The St. Helena City Council is renewing its push to ban the sale of flavored tobacco products that critics say are causing a public health crisis among kids and producing a new generation of smokers.
In January the council told staff to gather information on an ordinance banning the sale of flavored tobacco and investigate a buy-back program to reduce the number of vaping devices in circulation among local youth.
On Tuesday they told staff to take the next steps toward drafting an ordinance. To aid enforcement, the city would establish a tobacco retailer licensing program, with penalties for license-holders who sell flavored tobacco.
Jaime Rosas of the National Association of Tobacco Outlets, representing member retailers in St. Helena, opposed an outright ban, arguing that smoking rates among St. Helena eighth-graders are low and local retailers are diligent about not selling to underage customers.
St. Helena resident Nancy Dervin urged the city to take a strong stance against flavored tobacco products, which she said appeal to kids with fruity flavors and colorful packaging.
“There’s not one good thing about it,” she said.
E-cigarettes contain nicotine, toxic chemicals, heavy metals and fine particulate material, and have been associated with a potentially deadly lung condition called EVALI.
The 2018 California Healthy Kids Survey found that 23% of St. Helena ninth-graders and 4% of seventh-graders said they’d vaped within the past 30 days.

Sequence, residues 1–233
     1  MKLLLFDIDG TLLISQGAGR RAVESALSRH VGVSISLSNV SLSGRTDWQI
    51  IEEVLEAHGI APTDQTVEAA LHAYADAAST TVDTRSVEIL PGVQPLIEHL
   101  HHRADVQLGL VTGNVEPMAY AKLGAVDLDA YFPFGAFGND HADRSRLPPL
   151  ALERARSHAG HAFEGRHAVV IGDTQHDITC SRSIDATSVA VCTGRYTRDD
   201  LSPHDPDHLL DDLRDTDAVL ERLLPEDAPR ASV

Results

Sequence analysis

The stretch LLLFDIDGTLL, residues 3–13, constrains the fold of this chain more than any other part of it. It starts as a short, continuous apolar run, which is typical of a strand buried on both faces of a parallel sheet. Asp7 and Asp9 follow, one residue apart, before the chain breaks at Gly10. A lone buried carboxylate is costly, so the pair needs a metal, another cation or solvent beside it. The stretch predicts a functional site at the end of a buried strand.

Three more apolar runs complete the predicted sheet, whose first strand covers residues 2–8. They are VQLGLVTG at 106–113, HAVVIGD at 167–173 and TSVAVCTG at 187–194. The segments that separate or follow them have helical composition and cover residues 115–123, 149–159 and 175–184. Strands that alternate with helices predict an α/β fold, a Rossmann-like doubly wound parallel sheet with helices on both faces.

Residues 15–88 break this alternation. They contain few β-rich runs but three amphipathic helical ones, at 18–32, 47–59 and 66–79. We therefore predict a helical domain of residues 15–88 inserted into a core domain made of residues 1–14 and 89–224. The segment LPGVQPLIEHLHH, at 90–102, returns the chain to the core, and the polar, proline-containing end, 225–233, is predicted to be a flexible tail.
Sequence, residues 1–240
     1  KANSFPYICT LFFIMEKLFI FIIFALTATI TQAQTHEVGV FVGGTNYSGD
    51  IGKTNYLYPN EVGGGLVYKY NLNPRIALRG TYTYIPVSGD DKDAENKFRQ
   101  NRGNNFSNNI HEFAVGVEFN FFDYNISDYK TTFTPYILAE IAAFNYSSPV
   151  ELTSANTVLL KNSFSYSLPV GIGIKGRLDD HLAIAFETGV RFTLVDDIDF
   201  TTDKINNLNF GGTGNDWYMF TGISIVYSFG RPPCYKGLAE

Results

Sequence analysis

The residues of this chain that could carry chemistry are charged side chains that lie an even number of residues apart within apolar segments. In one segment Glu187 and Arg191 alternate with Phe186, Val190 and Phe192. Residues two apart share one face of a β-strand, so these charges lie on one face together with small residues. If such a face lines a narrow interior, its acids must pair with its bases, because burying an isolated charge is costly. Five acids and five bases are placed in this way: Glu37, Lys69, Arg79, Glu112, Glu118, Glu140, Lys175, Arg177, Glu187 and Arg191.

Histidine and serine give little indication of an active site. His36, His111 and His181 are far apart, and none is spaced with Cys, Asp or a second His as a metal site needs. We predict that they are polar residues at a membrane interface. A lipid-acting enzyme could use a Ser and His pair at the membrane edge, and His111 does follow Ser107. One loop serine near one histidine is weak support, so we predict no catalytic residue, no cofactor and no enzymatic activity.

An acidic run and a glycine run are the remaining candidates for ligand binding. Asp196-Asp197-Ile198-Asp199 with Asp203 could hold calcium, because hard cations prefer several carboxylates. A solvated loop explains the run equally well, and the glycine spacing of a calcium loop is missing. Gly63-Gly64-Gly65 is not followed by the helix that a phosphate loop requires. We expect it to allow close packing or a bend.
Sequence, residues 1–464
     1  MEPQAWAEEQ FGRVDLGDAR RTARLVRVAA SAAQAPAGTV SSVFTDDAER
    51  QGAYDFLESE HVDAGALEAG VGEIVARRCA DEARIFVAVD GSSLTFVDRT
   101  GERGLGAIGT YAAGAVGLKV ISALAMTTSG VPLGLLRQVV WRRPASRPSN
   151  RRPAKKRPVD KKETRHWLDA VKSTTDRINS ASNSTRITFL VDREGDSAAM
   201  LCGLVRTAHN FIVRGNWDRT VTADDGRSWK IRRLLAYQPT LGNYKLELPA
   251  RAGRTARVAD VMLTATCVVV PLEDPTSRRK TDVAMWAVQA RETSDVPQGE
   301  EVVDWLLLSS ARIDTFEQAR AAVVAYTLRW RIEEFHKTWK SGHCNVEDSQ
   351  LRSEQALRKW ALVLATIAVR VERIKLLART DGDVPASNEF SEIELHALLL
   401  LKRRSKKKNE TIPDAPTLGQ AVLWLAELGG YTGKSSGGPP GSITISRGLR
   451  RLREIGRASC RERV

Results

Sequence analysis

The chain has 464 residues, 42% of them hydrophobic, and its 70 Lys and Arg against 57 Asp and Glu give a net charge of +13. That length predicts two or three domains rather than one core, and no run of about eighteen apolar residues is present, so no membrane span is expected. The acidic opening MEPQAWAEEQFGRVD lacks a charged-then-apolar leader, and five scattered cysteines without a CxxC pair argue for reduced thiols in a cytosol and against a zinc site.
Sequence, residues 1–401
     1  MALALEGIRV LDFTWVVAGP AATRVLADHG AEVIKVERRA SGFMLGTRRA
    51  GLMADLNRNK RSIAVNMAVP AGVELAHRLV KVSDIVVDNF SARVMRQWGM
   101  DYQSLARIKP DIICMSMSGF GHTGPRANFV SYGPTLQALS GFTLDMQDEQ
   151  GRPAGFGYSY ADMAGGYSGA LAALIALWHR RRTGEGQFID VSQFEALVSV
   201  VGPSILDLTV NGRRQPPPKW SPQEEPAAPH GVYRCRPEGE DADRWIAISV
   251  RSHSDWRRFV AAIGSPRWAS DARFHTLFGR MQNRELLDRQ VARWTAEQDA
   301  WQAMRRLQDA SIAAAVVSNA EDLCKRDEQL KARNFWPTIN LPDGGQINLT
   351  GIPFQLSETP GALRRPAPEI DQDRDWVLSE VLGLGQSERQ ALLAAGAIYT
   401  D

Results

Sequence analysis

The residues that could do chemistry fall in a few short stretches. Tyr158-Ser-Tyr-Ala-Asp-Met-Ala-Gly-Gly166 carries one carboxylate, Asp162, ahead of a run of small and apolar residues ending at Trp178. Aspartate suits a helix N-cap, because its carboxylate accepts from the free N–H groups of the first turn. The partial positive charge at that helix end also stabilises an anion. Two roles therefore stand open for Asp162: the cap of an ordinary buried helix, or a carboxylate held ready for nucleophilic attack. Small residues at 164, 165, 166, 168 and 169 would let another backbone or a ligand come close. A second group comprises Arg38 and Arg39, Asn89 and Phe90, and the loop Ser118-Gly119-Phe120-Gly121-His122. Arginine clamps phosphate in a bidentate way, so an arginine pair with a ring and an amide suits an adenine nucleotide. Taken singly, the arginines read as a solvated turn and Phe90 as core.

Three St. Helena businesses sell flavored tobacco products like the kind used in e-cigarettes, according to city staff.
A bill that would ban the sale of flavored tobacco products, including menthol-flavored cigarettes, throughout California has passed the State Senate and is working its way through the Assembly. California already bans the sale of those products to people under the age of 21.
In June the Napa City Council held a first reading of an ordinance banning the sale of flavored tobacco in Napa, but before adopting the ordinance the council decided to retool it and bring it back at a future meeting.
As for a buy-back program, Police Chief Chris Hartley and School Resource Officer Melissa Brown recommended against using money as an incentive for handing in vaping devices, since the cash might be used to buy more flavored tobacco products. Instead, Hartley suggested a “don’t ask, don’t tell” program that would allow people to hand in vaping devices and flavored tobacco products, no questions asked.
In other action, the council agreed to offer interest-free loans of up to $7,500 to downtown property owners to fund the replacement of their sewer laterals.
The city plans to replace the downtown sidewalks starting in January. Most of the 27 sewer laterals in the affected area need to be replaced. Since replacing the laterals requires the sidewalks to be torn up, the city is encouraging property owners to replace them before the new sidewalk is in place.
Councilmembers declined to draft ballot arguments for or against an advisory measure on the Nov. 3 ballot asking whether the city should prohibit hotel development on the Adams Street property.
Ballot arguments for and against Measure G are due to the county registrar of voters office by 5 p.m. Friday, Aug. 14.
Watch now: California bans smoking, vaping in state parks and beaches
You can reach Jesse Duarte at 967-6803 or firstname.lastname@example.org.
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